But that wasn’t the issue here. These folks were thrown in an instant into a nightmare, and in the middle of it they refused to bow to the prevailing attitude in their industry, which expects a horse to be put down as soon as it loses its utility and/or its profitability. Good for Barbaro’s owners. Choosing on the side of life, even animal life, especially when it’s a personal sacrifice to do so, I think is a good, a noble, an inspiring stance. And, oh, what a sacrifice they made, without complaint, for the sake of an animal that was entirely at their mercy.
I think it’s unfair, and also unsupportable, to say that they only did it so they could use him later to make money. Being able to recoup their investment was always a long shot. This was a matter of principle, or love, or refusal to quit, or some combination thereof. From a money standpoint, it made no sense at all.
Ah, and that’s the other thing. Why do so many backseat spenders act like spending money somehow destroys it?
No, no, wait a minute. Think about it. To complain that money spent at a vet center cannot help the poor is to assume that the money somehow gets trapped in the vet hospital, instead of swirling out again into the world. Money changes hands. Sometimes the person who got paid hoards it away, sometimes he flies with it, sometimes (most of the time, most likely) he just uses it to keep a roof over his head and food on the table or keep the business he’s in afloat, to provide jobs and services another day.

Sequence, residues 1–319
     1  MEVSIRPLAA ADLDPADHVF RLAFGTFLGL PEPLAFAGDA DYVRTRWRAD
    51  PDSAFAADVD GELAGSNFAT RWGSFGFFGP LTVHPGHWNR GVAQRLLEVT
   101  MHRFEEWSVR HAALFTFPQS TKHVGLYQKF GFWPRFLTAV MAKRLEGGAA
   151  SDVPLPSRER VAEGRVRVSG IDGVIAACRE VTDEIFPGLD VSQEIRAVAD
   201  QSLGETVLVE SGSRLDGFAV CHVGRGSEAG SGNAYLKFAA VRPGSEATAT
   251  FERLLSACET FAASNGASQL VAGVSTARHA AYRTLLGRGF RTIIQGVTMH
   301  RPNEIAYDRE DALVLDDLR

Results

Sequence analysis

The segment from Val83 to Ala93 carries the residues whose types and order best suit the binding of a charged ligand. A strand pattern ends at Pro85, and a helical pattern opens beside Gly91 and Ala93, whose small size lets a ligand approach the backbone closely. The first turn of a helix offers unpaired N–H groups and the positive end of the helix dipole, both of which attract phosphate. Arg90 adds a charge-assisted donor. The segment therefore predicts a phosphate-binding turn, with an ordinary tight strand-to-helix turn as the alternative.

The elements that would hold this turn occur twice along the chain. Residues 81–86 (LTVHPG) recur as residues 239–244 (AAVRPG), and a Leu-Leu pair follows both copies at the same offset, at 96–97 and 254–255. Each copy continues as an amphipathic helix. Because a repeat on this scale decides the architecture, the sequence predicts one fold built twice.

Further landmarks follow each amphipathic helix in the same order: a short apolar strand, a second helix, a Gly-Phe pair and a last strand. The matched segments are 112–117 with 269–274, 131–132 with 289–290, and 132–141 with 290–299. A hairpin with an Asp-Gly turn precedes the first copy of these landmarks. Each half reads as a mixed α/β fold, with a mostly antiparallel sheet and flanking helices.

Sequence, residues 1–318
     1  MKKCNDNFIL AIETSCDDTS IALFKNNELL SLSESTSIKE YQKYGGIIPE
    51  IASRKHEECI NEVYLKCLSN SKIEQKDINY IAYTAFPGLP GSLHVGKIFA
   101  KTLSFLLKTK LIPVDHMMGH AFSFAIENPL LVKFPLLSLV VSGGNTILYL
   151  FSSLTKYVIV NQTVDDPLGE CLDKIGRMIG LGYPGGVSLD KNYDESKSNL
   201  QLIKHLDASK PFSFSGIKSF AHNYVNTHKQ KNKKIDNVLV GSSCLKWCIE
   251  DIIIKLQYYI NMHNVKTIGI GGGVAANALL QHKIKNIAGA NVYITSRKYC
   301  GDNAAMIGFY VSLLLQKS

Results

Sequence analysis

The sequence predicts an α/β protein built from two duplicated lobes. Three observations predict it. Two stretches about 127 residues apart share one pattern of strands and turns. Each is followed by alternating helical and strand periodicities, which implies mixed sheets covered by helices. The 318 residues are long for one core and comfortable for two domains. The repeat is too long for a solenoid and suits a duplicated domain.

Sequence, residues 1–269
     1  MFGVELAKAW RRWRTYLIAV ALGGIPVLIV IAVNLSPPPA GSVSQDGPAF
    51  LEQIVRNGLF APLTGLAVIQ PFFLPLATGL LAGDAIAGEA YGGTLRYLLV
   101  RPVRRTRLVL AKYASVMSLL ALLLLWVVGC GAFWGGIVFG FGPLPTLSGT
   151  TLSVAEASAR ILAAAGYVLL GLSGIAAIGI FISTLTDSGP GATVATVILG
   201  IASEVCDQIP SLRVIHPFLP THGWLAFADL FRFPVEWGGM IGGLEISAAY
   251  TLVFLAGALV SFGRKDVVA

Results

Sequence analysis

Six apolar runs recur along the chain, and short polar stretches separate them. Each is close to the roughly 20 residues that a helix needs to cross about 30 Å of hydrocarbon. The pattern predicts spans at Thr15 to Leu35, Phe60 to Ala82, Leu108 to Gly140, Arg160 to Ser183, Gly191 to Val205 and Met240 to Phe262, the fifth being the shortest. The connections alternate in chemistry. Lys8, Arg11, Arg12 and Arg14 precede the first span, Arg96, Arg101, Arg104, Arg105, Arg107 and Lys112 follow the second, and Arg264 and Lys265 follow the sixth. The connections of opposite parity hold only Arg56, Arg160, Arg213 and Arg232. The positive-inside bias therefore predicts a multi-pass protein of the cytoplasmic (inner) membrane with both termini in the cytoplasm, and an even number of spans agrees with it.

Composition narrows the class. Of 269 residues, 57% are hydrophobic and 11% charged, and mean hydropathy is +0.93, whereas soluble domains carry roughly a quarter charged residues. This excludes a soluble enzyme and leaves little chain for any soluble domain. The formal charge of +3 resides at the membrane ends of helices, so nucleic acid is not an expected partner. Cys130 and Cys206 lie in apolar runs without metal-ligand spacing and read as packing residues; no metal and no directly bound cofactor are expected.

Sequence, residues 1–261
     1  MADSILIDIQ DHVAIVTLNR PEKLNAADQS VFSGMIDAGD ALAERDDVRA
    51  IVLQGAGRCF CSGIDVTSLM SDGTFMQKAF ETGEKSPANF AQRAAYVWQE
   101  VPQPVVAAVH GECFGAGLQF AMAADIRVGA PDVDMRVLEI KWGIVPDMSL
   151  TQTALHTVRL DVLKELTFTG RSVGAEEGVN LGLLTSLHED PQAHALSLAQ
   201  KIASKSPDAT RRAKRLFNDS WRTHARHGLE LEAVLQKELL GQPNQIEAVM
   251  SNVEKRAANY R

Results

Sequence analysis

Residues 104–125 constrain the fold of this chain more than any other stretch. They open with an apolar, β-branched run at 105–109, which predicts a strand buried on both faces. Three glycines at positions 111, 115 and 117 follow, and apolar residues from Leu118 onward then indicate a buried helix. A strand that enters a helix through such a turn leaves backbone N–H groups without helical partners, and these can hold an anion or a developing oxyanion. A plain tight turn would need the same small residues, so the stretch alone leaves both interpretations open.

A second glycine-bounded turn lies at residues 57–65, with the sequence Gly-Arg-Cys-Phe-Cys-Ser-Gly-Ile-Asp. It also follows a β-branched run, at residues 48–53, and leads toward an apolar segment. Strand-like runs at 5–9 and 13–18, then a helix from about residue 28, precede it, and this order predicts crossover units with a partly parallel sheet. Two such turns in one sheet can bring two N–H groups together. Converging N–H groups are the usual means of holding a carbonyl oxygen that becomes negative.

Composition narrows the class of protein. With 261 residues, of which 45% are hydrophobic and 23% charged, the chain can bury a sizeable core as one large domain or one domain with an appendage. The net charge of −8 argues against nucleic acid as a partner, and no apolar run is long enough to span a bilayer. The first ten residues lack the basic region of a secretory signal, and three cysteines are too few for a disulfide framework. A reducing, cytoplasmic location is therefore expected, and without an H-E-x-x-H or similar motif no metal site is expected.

Who’s to say that the people who have it now won’t spend it wisely, or that some of them won’t go out and help the poor with it? It’s not a sure thing, surely. But that money is out of the bank now. Redistributed, if you will… In the short term, it’s provided jobs, and promoted research, some of which will probably improve human medicine down the road, and it’s helped pay overhead that has to be paid one way or another. I wouldn’t be willing to bet how much or how little good will result of the type the ‘oh-my-God-they-wasted-money-on-a-horse’ people want, but to act like all that money somehow got sucked into the horse, and the horse is some sort of black hole which never will let it out again, well…
All of which is rather beside the point. It wasn’t your money. It wasn’t your responsibility.
By all means, if you disagree with how the money was spent, sit down with your most responsible and thoughtful, most discerning, grown-up friends and hash out how and why you think you would have done it differently if you’d been in their shoes; and after you have your priorities nicely lined up sit down with your kid and tell him why and how you hope/expect him to do better if ever he finds himself in a similar situation. Use it as a teaching moment. Bad examples are good teachers, after all.